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Israel rejects Arab League refugee proposal

RIA Novosti

30/03/2007 16:02 TEL AVIV, March 30 (RIA Novosti) - Israel will not accept the return of Palestinian refugees even in exchange for peace with the Arab world, Prime Minister Ehud Olmert said in an interview Friday.

The Arab League proposed at a summit in Riyadh Thursday an Israeli withdrawal to its pre-1967 borders, the establishment of a Palestinian state and a "just solution" to the Palestinian refugee problem, in line with UN Resolution 194, in exchange for a peace agreement and normal relations with Arab countries.

"I'll never accept a solution that is based on their return to Israel, any number," Olmert told The Jerusalem Post. "I will not agree to accept any kind of Israel responsibility for the refugees. Full stop."

Responding to the Arab Peace Initiative, Israel's Foreign Ministry said the return of Palestinian refugees would be a threat to Israel's Jewish identity.

"Israel's position with regard to the peace process with the Palestinians is based on fundamental principles, with a central one being the coexistence of two states pursuing national aspirations of their peoples," the ministry said.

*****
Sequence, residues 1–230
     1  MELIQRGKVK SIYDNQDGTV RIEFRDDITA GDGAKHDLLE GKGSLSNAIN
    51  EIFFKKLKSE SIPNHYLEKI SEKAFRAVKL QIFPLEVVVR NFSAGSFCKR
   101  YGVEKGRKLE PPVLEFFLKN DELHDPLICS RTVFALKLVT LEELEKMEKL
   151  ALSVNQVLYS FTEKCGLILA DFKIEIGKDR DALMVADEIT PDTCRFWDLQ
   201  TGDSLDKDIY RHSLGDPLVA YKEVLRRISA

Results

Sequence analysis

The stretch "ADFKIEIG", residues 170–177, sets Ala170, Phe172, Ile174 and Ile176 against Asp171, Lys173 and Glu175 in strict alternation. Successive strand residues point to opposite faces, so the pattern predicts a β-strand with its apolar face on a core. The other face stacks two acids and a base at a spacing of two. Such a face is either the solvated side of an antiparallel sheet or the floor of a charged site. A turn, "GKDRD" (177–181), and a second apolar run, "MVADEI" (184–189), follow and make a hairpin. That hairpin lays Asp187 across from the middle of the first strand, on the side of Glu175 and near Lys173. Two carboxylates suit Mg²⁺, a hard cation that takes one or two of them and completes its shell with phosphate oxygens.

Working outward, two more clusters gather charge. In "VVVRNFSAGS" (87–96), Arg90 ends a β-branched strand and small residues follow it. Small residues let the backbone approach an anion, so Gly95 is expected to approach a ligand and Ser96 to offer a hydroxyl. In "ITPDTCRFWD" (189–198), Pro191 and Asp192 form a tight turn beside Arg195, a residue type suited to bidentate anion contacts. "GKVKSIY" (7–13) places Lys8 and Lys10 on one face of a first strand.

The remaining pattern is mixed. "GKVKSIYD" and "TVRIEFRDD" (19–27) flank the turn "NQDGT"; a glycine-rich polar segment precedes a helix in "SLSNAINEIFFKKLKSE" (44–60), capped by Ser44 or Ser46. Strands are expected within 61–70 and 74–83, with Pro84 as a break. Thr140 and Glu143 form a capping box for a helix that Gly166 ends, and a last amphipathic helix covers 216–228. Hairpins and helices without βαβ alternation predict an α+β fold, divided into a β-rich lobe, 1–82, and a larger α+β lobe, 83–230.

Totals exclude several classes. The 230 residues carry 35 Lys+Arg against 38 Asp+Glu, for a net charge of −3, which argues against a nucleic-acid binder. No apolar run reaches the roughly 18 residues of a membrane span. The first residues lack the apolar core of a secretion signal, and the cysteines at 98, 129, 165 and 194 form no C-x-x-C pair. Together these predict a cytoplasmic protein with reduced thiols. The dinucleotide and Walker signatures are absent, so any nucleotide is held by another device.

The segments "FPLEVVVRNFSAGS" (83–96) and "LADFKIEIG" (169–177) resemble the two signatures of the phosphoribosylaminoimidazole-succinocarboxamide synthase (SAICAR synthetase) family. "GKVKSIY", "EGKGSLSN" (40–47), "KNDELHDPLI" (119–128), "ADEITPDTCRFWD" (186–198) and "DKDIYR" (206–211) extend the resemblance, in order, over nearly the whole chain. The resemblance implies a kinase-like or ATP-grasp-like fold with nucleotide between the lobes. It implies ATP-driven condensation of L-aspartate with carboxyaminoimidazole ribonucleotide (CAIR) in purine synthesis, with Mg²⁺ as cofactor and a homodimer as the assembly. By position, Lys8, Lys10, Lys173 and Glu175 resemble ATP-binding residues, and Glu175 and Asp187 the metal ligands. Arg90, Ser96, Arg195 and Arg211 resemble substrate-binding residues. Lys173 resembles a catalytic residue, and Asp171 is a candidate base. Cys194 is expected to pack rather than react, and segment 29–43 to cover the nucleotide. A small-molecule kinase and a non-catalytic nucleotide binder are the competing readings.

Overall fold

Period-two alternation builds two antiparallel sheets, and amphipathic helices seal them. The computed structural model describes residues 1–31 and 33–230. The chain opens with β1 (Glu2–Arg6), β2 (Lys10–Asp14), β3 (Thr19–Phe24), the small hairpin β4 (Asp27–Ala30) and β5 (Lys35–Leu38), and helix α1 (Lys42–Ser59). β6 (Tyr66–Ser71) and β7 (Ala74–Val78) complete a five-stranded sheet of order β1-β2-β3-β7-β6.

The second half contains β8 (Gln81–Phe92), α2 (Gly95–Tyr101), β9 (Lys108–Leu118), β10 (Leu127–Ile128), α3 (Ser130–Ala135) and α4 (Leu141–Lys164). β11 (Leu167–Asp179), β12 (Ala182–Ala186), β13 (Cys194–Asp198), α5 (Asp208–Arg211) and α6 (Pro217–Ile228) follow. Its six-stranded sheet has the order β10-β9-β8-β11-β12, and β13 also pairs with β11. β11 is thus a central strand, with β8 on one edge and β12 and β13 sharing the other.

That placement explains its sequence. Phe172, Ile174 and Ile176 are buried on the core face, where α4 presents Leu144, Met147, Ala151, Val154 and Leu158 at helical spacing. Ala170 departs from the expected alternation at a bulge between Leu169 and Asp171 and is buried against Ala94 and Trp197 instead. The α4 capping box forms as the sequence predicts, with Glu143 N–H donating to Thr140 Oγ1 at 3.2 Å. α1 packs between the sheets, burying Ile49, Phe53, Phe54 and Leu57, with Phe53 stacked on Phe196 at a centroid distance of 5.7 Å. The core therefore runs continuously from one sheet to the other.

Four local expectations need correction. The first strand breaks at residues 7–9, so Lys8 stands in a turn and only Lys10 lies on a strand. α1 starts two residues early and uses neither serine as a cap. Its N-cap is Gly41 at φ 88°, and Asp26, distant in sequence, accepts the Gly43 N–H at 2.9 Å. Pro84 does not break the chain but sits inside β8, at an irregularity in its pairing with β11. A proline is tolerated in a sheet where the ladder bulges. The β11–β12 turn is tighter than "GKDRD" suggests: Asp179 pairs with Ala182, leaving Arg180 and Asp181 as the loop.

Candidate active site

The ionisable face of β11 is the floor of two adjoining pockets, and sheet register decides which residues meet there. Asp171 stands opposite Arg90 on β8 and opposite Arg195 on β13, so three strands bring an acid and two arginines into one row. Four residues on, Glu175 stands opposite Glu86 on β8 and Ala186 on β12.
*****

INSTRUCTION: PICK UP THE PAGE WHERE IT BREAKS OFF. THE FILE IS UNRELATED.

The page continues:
Israel also rejected the Arab world's demands that it withdraw from the West Bank, the Golan Heights and East Jerusalem, which has been proposed as the Palestinian National Authority's (PNA) capital, but hailed the initiative, first advanced in 2002, as an opportunity for dialogue with moderate Arab governments.

Echoing the ministry's assessment of the Arab League summit, Olmert said in a separate interview that Israel could sign a peace accord with all of its foes in five years given favorable circumstances, including the results of the summit.

"There is a real opportunity for Israel to sign an all-embracing peace accord with all its foes," Olmert told the Israeli Yedioth Ahronoth newspaper without elaborating.

The Arab initiative was a further effort to resolve the Israeli-Palestinian conflict, which has been the focus of the "roadmap" peace plan proposed by the Quartet of mediators - the United States, the UN, the EU and Russia.

The plan urges the PNA to renounce violence and recognize Israel, and calls on Tel Aviv to end West Bank expansion. The plan, which has largely stalled, also stipulates the eventual creation of a Palestinian state.



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